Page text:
The persistently strong labour market and Black Friday sales are likely leading to a rise in consumer confidence, which has improved for a second week running.
The pulse check of consumer sentiment remains well below historical averages, sitting at levels last seen in the early stages of the pandemic.
The one per cent lift in ANZ and Roy Morgan's consumer confidence indicator last week follows a 2.7 per cent increase the previous week.
Before that, the index fell six months in a row.
The "inflation expectations" survey question dropped slightly, which probably helped boost the overall index's score, as did "time to buy a major household item".
This subindex rose 9.2 per cent last week after a cumulative decline of 13 per cent over the past few weeks.
ANZ head of economics David Plank said Black Friday sales may have bolstered this spending-related indicator.
"ANZ-observed spending data suggests consumer spending has stayed strong, with spending momentum similar to pre-pandemic levels," Mr Plank said.
The strong labour market may also be keeping consumers spending, with about 32,200 jobs added to the Australian economy in October.
Official Australian Bureau of Statistics data released last week also showed the jobless rate fell to 3.4 per cent. The bureau also released its wage price index, with wages lifting 3.1 per cent for the September quarter.
However, data collected by HR software provider Employment Hero found pay increased 8.4 per cent in the 12 months to October - representing a lift in real wages, with headline inflation 7.3 per cent in the September quarter.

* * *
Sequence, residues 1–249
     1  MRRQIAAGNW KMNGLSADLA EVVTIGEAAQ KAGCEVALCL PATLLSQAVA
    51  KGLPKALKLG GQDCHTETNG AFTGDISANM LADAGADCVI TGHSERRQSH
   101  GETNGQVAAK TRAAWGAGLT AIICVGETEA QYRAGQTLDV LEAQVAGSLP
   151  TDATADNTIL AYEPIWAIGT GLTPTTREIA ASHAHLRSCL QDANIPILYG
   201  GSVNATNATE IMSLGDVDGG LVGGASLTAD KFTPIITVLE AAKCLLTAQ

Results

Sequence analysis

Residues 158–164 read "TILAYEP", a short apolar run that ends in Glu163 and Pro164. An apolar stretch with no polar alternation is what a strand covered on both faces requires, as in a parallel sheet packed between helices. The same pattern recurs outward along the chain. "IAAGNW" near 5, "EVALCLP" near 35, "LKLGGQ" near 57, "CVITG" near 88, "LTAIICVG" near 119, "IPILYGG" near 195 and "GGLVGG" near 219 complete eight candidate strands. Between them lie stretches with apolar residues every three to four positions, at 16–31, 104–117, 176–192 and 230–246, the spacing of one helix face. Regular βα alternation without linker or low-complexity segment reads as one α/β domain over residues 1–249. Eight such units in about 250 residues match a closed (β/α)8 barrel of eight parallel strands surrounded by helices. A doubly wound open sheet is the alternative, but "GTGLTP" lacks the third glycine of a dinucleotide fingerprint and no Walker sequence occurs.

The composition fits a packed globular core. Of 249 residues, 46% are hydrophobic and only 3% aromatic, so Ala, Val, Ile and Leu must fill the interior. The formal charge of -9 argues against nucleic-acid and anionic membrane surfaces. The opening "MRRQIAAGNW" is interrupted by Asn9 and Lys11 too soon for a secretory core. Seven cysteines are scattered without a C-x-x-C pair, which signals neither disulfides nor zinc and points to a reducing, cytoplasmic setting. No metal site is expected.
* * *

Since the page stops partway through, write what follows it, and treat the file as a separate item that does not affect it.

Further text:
Co-founder Ben Thompson said the results should be viewed in the context of the federal government's workplace relations bill, which is intended to boost wages.
The legislation includes expanded multi-employer bargaining rights, which has become a point of concern for the business community.
"In a nutshell, our data shows employers and employees have already adjusted salaries without needing third-party intervention," Mr Thompson told AAP.
The index, which relies on data from 135,000 small- and medium-sized businesses, provided a fairly up-to-date snapshot of wage growth compared with the backwards-looking quarterly indicator provided by the bureau, he said.
It also captures the full amount landing in bank accounts, inclusive of bonuses and allowances, which Mr Thompson said the bureau's gauge does not necessarily include.
"The simple reality is that wages are moving," he said.
But Treasurer Jim Chalmers insists wages have been stagnant for a decade and the workplace relations bill will help workers get a fair share of Australia's economic success.
"We've had a decade of wage stagnation, despite low unemployment, and despite skill shortages, then we do need to take a broad approach to getting wages moving again," he told parliament.
The government wants to pass its legislation before Christmas but will require the support of at least one Senate crossbencher, with ACT independent David Pocock a likely prospect.